What’s Cookin’ at Callie’s Cabin: Scones to warm your heart and soul
For the Tribune
It’s March, the month of St. Patrick’s Day, when Daylight Saving Time begins, and the first day of spring. Speaking of these three events and our fresh Sierra snow makes me think fresh, homemade healthy, warm oatmeal raisin scones and a hot cup of brewed java (yes, I grind the beans) for breakfast.
As a foodie/author-intuitive I often forecast Earth changes. When a prediction comes true – like last March when the great Japan quake-tsunamis hit – it’s a strange feeling like the characters who tune into intuition in the sci-fi films “Final Destination” or “Knowing.” I recall when the earthquake happened I manned my interactive website http://www.earthquakeepicenterforum/ for hours. When I fell asleep after 3 a.m., I received a call from the producer of The Mancow Show – a popular radio program centered in the Midwest. The voice on the phone reminded me that I forecasted this catastrophic happening on a previous show in 2011. I mumbled, “I know. I predicted it. Did a tsunami hit Hawaii?” I was groggy and he told me to call him when I awoke. After our conversation, I made a large cup of coffee, warmed up a scone from the freezer, and was a guest on the show that morning. A jolt of java and a healthful scone got me through the program and days ahead with media madness after the surreal disaster that affected humanity and our globe.
So, while quakes aren’t on the news this week, a Midwest tornado outbreak is getting attention. Yes, I did predict severe winter storms in this region for 2012 as well as a few significant snowstorms for the Sierra. That brings me back to coffee and scones. During the aftermath, coffee and scones can help warm your heart and soul, wherever you are and how Mother Nature affects you.
Oatmeal Raisin Scones
21⁄2 cups unbleached white whole wheat flour
1 cup quick oats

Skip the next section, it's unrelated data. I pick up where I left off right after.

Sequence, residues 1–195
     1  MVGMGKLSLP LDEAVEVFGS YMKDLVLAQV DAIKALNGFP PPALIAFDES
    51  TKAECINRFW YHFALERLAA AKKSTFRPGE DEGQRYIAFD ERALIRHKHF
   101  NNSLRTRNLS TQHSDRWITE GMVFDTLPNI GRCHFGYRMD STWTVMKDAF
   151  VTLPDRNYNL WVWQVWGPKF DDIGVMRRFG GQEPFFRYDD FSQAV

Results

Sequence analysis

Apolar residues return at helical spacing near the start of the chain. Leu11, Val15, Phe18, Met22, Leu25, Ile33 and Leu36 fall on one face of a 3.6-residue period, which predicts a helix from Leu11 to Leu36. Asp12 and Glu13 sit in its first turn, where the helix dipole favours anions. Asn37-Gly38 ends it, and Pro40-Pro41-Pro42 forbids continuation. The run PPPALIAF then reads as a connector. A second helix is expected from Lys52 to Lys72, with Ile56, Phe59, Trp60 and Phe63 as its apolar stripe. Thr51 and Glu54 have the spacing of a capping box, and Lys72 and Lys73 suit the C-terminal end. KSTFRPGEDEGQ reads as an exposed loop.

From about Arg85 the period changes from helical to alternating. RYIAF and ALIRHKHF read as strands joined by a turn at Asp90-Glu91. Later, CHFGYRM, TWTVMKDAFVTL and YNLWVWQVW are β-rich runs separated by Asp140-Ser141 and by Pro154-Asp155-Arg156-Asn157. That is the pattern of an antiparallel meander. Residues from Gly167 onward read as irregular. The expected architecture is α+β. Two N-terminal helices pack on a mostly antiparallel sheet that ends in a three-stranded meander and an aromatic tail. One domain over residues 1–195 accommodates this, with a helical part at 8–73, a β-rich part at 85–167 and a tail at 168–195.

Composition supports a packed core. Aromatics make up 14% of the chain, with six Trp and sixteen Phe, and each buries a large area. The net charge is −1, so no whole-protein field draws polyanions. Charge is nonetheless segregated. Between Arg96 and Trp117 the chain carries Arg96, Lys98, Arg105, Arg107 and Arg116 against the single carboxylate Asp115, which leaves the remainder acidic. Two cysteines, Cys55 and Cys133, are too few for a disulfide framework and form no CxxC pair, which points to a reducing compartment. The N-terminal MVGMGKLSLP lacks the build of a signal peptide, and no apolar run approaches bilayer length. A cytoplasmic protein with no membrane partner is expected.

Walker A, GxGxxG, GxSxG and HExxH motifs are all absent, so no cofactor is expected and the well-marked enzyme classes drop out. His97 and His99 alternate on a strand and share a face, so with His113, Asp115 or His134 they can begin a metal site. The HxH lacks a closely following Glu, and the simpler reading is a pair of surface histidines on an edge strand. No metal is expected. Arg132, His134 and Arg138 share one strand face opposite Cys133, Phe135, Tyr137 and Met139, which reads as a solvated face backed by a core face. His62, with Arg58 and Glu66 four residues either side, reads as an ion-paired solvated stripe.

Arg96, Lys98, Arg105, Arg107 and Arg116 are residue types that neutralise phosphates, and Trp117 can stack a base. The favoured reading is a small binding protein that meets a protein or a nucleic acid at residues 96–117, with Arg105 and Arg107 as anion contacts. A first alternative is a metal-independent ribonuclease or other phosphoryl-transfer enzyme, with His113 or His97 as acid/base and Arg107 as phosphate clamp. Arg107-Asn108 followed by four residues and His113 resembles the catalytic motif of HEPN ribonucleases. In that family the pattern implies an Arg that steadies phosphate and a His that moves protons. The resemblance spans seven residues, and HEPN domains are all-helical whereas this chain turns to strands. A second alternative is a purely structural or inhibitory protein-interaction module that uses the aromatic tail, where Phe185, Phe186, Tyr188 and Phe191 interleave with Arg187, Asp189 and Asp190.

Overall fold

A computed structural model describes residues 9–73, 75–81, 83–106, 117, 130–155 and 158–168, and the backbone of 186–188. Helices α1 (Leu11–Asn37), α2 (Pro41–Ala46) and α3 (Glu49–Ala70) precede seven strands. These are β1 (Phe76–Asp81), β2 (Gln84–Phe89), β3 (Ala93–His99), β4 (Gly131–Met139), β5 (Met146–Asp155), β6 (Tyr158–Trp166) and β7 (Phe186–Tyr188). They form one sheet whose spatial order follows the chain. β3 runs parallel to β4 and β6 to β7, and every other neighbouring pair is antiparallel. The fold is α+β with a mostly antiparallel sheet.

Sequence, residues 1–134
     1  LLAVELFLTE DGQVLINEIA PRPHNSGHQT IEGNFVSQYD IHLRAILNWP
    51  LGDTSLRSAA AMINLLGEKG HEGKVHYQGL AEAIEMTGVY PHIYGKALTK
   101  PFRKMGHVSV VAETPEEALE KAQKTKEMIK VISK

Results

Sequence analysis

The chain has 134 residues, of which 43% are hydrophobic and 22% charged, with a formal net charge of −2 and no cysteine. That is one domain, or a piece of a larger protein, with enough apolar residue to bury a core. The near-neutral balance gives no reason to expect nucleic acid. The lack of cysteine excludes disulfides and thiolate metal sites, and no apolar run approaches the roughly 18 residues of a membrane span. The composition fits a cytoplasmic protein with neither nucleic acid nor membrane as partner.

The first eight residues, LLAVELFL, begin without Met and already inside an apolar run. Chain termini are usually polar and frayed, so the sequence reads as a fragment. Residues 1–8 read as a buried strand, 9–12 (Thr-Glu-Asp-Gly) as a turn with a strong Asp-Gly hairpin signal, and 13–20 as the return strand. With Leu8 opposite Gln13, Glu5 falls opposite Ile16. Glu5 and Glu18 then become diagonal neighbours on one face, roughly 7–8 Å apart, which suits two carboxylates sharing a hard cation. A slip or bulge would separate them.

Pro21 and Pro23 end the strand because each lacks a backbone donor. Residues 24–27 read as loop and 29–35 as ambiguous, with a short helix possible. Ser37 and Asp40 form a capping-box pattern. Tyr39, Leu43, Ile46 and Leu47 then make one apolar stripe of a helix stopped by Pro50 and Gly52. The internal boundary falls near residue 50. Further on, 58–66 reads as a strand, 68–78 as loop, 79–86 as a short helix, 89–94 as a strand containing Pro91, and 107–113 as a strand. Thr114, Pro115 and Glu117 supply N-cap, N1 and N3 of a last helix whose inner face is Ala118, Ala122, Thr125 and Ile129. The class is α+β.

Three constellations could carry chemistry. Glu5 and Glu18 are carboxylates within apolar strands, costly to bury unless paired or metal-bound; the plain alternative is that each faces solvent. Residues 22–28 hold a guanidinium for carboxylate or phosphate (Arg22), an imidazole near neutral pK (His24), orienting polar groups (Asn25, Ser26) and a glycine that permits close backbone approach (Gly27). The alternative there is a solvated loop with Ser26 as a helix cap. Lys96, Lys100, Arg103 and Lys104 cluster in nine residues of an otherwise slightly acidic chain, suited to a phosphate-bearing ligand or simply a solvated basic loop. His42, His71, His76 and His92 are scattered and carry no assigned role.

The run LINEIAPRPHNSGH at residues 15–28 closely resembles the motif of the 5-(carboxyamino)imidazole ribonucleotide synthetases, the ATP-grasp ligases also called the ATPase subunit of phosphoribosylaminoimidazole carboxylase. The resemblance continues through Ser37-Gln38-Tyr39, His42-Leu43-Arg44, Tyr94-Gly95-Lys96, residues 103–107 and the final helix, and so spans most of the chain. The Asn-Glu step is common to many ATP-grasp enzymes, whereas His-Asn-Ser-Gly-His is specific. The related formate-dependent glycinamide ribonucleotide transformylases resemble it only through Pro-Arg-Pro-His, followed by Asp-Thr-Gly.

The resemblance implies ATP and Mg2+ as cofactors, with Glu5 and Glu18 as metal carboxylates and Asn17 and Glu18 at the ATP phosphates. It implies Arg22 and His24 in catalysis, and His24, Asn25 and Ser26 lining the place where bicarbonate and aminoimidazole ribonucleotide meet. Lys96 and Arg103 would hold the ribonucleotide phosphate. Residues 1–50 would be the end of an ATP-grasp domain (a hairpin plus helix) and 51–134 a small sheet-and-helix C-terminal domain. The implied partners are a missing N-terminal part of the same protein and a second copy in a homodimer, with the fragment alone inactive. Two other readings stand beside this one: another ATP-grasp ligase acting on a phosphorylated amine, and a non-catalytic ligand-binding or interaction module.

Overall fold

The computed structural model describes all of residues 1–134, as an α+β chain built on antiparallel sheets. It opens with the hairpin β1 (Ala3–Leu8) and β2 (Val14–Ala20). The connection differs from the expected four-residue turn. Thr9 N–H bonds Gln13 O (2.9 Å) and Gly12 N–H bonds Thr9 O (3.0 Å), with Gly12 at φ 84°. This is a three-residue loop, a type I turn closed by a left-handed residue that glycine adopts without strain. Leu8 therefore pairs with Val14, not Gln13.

1⁄4 cup brown sugar
2 tablespoons honey (orange blossom)
1⁄4 cup European style butter (cold cubes)
1 brown egg
1 – 11⁄2 cups organic half and half
1 tablespoon baking powder
1 teaspoon baking soda
1 teaspoon cinnamon
1 teaspoon vanilla extract
11⁄2 cups raisins, fresh
Confectioners’ sugar or sugar in the raw
Preheat oven to 375 degrees. In a bowl, mix flour, sugar, baking powder, baking soda, and spice. Add chunks of butter, sliced in small squares. In another bowl, combine milk, egg, honey, and vanilla; stir till a dough like mixture forms. Fold in raisins. Drop spoonfuls onto a parchment-lined cookie sheet. (Or, you can also form into a ball, roll out on a floured cutting board and cut into 1⁄2 inch triangles or circles to achieve that bakery-perfect look.) Bake till brown, about 15 minutes. Dust with powdered sugar or Sugar In The Raw.
Makes 12 medium scones. Slice and serve warm with all-natural berry jam or raw honey.
The half and half makes scones more decadent than with regular milk. Using raisins gives these sweeties an oatmeal cookie flavor. But because I use less fat, less sugar, and can drizzle honey on each one, it’s more healthful than cookies. The best part is, after savoring one oatmeal raisin scone paired with a cup of coffee (it has its own health perks) you’re good to go. And don’t forget the fresh-baked-cookies scent in your kitchen.
Motto: If you’re craving sweet treats for energy, take a different route. Healthy up with good-for-you foods that feed the soul and spirit.
– Cal Orey, M.A. is an author and journalist. Her books include “The Healing Powers” series (Vinegar, Olive Oil, Chocolate, Honey, and Coffee) published by Kensington. Her website is http://www.calorey.com.
Support Local Journalism
Support Local Journalism
Readers around the Lake Tahoe Basin and beyond make the Tahoe Tribune's work possible. Your financial contribution supports our efforts to deliver quality, locally relevant journalism.
Now more than ever, your support is critical to help us keep our community informed about the evolving coronavirus pandemic and the impact it is having locally. Every contribution, however large or small, will make a difference.
Your donation will help us continue to cover COVID-19 and our other vital local news.
Start a dialogue, stay on topic and be civil.
If you don't follow the rules, your comment may be deleted.
User Legend: Moderator Trusted User
SOUTH LAKE TAHOE, Calif. — For two days in a row an over 35-year-old heat record has been broken in South Lake Tahoe.